The book starts off interesting, and quickly turns into your senile grandfather complaining about his grudges from 1960, until everyone starts giving reasons to leave the room.
I think the best compliment I can give is that I finished the book 4 days ago, and have been using many of the methods and thoughts the authors give. I have also been telling friends about them, and they have helped with their own changes.
Having read, "Influence", my expectations were high, and I was not disappointed. Tons of useful information, very well written, and a great book.
I hoped this book would be good on the level of Invisible Gorilla. It was not. I as a conservative, also did not appreciate the chapter on how liberals are free thinking, brave people be nature, whereas conservatives are insecure, order hungry buffoons, who hold on to beliefs that have been debunked for decades, according to the author.
I came to this book as suggestions from reading such book as "Invisible Gorilla", "The Upside of Irrationality", "Yes", and "Switch". All of these books are great. They give information that is really interesting and useful. This one tends toward, "people like are better than people like you.
Well, at least Mr. Dyson devotes a third of the book to Dr. King, which is why I bought it. The title should have been, "A bit about Martin Luther King, and mostly how racist the USA is, and why Dr. King would now support everything I believe".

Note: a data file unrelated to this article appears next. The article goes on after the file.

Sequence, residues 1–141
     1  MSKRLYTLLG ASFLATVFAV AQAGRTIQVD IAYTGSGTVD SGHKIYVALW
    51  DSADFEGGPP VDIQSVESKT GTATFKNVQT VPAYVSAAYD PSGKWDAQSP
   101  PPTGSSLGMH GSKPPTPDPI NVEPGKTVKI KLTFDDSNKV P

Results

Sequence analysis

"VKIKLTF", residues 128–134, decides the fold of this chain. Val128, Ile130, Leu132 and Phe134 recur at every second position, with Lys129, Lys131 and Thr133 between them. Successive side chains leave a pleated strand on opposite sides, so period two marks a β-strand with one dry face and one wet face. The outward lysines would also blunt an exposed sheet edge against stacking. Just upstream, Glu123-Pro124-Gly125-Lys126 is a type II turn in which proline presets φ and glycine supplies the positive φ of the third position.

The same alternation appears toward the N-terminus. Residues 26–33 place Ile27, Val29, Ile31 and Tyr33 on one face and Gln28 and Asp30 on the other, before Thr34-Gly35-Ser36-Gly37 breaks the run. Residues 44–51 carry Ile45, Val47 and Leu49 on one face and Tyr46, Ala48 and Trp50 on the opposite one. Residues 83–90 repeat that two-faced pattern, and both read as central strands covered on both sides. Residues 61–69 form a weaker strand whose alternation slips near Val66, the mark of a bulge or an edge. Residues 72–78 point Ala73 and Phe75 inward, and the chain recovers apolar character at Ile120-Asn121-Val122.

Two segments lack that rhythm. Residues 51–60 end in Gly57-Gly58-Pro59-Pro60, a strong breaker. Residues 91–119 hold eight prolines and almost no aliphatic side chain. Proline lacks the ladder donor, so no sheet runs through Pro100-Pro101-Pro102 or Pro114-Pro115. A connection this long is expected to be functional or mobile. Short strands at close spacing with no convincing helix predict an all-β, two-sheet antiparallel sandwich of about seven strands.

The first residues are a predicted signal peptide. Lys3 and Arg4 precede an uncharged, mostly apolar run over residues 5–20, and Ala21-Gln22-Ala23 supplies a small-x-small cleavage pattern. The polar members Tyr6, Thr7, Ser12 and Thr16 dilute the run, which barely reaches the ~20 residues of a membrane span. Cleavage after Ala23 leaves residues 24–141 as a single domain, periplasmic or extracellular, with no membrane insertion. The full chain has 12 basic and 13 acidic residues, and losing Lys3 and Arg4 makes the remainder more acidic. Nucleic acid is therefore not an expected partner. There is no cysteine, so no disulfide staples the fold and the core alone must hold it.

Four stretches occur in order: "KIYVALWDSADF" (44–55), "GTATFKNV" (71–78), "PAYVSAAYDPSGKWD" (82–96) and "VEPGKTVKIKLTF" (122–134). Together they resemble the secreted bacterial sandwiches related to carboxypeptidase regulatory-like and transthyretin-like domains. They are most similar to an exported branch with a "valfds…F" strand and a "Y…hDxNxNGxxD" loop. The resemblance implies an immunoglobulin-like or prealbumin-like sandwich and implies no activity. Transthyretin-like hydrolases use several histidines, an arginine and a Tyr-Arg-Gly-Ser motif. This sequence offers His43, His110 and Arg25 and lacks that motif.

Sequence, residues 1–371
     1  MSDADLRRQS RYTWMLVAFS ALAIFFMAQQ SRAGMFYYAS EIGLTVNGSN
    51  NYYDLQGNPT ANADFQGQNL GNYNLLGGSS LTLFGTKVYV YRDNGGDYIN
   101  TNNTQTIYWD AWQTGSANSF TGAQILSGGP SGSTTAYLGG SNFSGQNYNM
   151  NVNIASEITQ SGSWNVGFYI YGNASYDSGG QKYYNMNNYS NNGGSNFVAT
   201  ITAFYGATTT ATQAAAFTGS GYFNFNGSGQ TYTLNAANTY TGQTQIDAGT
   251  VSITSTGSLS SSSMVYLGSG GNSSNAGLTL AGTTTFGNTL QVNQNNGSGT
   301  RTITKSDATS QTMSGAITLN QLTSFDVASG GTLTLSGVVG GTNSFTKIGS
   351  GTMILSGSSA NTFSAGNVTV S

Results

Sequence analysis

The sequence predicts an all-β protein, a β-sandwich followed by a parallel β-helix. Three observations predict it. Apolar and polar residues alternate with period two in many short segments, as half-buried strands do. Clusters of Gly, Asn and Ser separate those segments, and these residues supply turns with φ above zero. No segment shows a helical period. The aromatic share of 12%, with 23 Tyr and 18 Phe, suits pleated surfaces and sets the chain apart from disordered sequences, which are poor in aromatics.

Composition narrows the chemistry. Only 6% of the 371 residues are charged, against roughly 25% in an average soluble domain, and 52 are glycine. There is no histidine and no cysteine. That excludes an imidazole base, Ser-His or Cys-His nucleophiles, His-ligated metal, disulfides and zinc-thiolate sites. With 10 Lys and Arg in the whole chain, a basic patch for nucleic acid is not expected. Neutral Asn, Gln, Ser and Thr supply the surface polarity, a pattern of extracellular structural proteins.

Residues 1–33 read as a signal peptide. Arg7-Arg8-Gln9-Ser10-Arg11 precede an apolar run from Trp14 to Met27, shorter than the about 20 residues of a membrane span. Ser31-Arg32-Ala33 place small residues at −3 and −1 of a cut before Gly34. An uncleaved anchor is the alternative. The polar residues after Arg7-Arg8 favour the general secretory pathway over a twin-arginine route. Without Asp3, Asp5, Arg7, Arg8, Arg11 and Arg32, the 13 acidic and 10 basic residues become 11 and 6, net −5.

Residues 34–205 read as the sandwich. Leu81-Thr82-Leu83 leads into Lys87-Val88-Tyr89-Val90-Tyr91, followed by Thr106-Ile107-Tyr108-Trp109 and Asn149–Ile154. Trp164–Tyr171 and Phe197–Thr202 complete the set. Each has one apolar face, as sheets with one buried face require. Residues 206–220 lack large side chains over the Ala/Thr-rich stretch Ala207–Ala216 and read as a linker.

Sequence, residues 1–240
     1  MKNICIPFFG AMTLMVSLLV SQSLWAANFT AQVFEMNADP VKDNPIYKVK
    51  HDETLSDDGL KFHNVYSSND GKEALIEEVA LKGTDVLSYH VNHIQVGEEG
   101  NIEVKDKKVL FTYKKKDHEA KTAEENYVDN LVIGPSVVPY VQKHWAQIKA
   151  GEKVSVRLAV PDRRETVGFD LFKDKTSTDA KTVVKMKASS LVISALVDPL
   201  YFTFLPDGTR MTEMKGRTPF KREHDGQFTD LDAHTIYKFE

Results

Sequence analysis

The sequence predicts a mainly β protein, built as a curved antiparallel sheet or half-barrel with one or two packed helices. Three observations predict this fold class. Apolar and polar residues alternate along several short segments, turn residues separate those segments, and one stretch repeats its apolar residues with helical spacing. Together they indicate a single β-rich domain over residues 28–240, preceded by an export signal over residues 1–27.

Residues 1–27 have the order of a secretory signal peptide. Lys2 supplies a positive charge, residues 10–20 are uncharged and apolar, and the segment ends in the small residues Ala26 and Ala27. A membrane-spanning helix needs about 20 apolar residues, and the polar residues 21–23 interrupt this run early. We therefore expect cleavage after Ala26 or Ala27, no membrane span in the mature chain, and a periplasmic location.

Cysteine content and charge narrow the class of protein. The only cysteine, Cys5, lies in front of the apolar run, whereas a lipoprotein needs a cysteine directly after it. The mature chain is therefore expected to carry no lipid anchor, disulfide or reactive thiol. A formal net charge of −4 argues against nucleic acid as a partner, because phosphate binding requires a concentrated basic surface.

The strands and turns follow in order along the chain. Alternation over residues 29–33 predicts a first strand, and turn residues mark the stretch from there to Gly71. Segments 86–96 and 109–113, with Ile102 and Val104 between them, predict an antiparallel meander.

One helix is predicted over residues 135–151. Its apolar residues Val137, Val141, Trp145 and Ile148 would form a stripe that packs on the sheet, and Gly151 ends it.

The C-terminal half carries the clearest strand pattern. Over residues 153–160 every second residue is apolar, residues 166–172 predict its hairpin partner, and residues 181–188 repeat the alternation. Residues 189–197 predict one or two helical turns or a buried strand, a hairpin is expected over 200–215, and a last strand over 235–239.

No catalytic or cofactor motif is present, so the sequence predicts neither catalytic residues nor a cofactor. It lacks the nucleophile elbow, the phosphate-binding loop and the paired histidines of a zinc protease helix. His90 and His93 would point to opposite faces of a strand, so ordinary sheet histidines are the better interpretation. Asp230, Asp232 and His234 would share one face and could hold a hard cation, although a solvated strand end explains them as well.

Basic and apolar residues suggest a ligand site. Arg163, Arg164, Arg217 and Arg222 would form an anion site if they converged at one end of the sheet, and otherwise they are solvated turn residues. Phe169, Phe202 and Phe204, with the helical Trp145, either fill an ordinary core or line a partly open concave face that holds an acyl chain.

Mr. Dyson does give a good history, and delves into the history of Jesse Jackson and Al Sharpton. He then goes on to pontificate about his own thoughts for most of the book.
At the end of the book, he has a fake "interview" with King, and talks about how Dr. King would support EVERYTHING the Democratic party now says. In this "interview", King says how awful it is that "Christians use the gospel to distort reality against GLBT brothers and sisters". I think it is equally appalling for Mr. Dyson to hijack a prominent leader who is dead and cannot answer, to tell people he would agree with political positions which Kings' beliefs would not support.
Bait and switch. It's 1/3 about Dr. King, and 2/3 a redone lecture that I've already hear dozens of times.
I have read this book 3 times. I say this as a staunch conservative who has become very wary of liberal writers, such as Mr. Krugman, Gore, and Alterman. This book took a very insightful look into FDR's life and what made him an amazing man. It also took a very honest look at his shortcomings, and did not gloss over some of his less noble episodes i.e. the court packing plan. Mr. Alter doesn't claim that FDR was the great leader who boldly led us out of depression. He claims that without him, there may have been something worse. I disagree with some of his premises, but this book is more factual, and not ideological. Agree or disagree, Mr. Alter has written a great book.
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